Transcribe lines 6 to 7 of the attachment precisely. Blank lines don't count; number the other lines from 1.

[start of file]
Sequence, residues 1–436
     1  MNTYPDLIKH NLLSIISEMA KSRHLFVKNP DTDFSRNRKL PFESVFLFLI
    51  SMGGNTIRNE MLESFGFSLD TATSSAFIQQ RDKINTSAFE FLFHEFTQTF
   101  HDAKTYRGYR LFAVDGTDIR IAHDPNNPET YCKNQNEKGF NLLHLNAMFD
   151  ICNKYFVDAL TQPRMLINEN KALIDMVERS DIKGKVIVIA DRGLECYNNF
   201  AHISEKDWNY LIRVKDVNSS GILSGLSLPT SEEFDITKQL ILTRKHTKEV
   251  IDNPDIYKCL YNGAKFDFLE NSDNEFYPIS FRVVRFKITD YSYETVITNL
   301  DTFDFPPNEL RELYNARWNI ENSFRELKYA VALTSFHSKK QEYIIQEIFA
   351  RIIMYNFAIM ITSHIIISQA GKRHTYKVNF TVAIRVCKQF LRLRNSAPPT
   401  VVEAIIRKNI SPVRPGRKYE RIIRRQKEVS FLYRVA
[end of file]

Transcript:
   201  AHISEKDWNY LIRVKDVNSS GILSGLSLPT SEEFDITKQL ILTRKHTKEV
   251  IDNPDIYKCL YNGAKFDFLE NSDNEFYPIS FRVVRFKITD YSYETVITNL